There’s the fantasy: cooking a party spread for friends, or even just dinner on any given night. And then there’s the reality: getting home late because of traffic or meetings that run long, or simply losing the motivation to make a whole meal from scratch because of the overwhelming desire to lie on the grass (or the couch) a little while longer. When that happens, a fridge filled with homemade sauces offers the promise of a nearly effortless meal.

The quickest way to dishes that thrill with big flavor is to dollop, spread or drizzle any of the options that follow on main ingredients that require minimal to no prep: Pull out leftovers; buy a rotisserie chicken; slice a block of tofu; cook eggs or noodles or both; season vegetables, seafood or meat with only oil and salt, then grill, roast or sear. And yes, you can also just grab a bag of chips and start dipping. This collection of sauces, with contributions from Melissa Clark, Eric Kim, Genevieve Ko and Yewande Komolafe, has a recipe for just about every occasion.

Though many of these formulas start with basics like ketchup, soy sauce and mayonnaise, they taste fresh and can — and should — be customized to your taste. Or stick to the recipe. Part of the appeal here is not having to figure out exactly what to cook: Make anything and slather it with sauce. That will leave you with the time (and energy) to hang out with guests and relax with family.

Green | Salty-Sweet | Chile | Tangy | Creamy | Sweet

Melissa Clark grew up with a steady stash of green sauce in her fridge all summer, ready to be tossed with anything for instant dinners. It was how her mother used up wilting herbs, she said: “Everything green and droopy could find a place in her sauce jar — and still does.” Here, Ms. Clark carries on the family tradition, blending herbs into mixes that highlight their summery freshness.

Both deeply herby and searingly spicy, this Yemenite condiment is popular all over the Middle East. You can adjust the heat to suit your chile tolerance and swap half the cilantro for parsley if you want to vary it up. MELISSA CLARK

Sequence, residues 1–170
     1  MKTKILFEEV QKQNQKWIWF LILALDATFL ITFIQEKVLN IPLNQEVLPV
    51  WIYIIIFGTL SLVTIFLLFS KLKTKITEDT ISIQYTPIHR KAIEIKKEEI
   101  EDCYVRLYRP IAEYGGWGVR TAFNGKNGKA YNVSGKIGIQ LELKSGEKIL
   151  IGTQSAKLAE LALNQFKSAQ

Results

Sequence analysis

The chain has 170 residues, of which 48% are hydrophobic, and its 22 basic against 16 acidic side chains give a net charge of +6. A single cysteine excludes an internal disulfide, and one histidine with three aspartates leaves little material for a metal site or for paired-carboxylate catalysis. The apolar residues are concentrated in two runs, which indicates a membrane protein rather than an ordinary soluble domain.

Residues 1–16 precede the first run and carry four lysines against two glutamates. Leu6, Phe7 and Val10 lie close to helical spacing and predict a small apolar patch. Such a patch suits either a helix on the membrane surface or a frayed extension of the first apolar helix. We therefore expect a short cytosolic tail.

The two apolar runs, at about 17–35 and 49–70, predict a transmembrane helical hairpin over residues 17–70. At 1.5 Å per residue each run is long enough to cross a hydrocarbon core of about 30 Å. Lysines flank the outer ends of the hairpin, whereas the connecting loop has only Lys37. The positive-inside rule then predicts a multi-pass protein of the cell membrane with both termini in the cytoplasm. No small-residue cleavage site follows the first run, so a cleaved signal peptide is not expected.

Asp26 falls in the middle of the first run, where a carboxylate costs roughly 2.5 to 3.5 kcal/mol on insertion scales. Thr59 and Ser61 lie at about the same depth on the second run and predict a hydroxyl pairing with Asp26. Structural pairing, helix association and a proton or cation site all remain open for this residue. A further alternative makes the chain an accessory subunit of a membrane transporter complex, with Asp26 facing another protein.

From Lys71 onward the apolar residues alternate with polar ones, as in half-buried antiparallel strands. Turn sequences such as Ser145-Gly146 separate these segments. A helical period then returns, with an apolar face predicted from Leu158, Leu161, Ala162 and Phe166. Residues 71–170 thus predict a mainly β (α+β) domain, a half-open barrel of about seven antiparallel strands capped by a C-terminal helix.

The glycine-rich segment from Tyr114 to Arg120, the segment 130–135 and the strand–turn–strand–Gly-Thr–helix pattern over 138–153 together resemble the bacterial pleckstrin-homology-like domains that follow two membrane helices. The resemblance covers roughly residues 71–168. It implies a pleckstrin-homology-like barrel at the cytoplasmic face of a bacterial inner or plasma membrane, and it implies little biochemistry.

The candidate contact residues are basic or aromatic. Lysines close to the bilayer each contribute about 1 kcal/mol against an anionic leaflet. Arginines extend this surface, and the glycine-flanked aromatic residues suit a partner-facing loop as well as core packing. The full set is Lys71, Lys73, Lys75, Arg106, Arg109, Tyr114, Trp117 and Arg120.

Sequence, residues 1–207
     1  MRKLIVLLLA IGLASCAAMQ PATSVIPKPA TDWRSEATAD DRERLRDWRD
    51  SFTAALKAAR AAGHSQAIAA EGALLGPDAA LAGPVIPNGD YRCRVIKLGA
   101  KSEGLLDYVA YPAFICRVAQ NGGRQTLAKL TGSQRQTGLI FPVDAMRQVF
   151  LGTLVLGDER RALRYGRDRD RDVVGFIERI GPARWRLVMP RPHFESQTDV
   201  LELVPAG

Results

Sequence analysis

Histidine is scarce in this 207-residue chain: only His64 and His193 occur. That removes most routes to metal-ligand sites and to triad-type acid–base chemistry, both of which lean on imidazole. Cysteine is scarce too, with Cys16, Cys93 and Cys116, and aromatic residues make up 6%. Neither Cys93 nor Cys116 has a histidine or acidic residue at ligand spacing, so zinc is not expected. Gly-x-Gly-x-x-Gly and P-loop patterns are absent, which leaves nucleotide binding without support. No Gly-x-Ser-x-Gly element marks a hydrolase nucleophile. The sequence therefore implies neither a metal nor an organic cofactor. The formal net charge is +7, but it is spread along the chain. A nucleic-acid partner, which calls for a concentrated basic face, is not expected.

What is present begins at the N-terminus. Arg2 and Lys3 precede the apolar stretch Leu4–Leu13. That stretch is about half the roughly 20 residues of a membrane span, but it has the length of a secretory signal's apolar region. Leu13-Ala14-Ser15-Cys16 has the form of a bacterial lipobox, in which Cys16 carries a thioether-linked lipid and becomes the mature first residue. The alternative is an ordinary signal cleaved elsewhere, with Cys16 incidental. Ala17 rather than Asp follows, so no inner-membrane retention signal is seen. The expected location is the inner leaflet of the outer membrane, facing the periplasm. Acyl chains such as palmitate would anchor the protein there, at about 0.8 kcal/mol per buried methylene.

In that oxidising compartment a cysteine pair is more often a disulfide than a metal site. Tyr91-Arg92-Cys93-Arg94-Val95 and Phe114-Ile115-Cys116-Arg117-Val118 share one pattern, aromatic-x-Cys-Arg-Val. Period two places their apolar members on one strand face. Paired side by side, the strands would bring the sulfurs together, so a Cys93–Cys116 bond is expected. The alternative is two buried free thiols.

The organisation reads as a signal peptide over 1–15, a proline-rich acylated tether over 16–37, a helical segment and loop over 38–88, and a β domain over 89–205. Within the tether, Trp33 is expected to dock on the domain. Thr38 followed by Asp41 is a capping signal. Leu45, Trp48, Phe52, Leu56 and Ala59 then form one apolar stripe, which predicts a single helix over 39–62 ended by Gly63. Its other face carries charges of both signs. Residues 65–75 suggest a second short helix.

Recipe: Zhug

This sauce is the perfect home for all those extra herbs you may have on hand from other recipes — that leftover sprig of mint, that stemmy part of the cilantro bunch, that droopy basil. You can use any combination of soft herbs or other flavorful, leafy options like arugula, celery leaves or pea shoots. M.C.

Seasoned with fresh mint, chiles and toasted spices, this piquant North African sauce includes preserved lemon, which adds a haunting flavor to the mix. (It’s just as traditional to leave it out and make the sauce slightly less pungent.) M.C.

Recipe: Charmoula

The seesaw of savory and sweet makes sauces — and just about anything — irresistible. In these blends, the balance comes from more than just salt and granulated sugar. Deeply savory bases such as soy sauce and fish sauce complement sugars in different forms, which also caramelize if cooked.

This classic Vietnamese fish sauce-based condiment is extremely versatile. It brings a bouquet of garlic and chile notes along with sweetness and savor to a wide range of dishes. YEWANDE KOMOLAFE

Recipe: Nuoc Cham

This Japanese seasoning normally calls for only sake, soy sauce and mirin, but the addition of brown sugar in this version gives it gloss and a syrupy texture ideal for drizzling over ingredients that have been cooked already. You can skip the sugar if you want to simmer the sauce with a dish as it cooks and the liquids thicken into a glaze. G.K.

Recipe: Teriyaki Sauce

Yangnyeom (pronounced YANG-nyum) means “seasoned” in Korean, and this sauce delivers on its name. Acidic rice vinegar rounds out the fruitiness of ketchup and strawberry jam and the saltiness of soy sauce. ERIC KIM

Recipe: Yangnyeom Sauce

Chiles in all forms — fresh, dried, preserved — add more than just spicy heat to condiments. They also deliver fruity or grassy flavors, crisp textures and brilliant color. In these homemade mixes, the heat leans toward medium so the chiles’ other attributes can shine.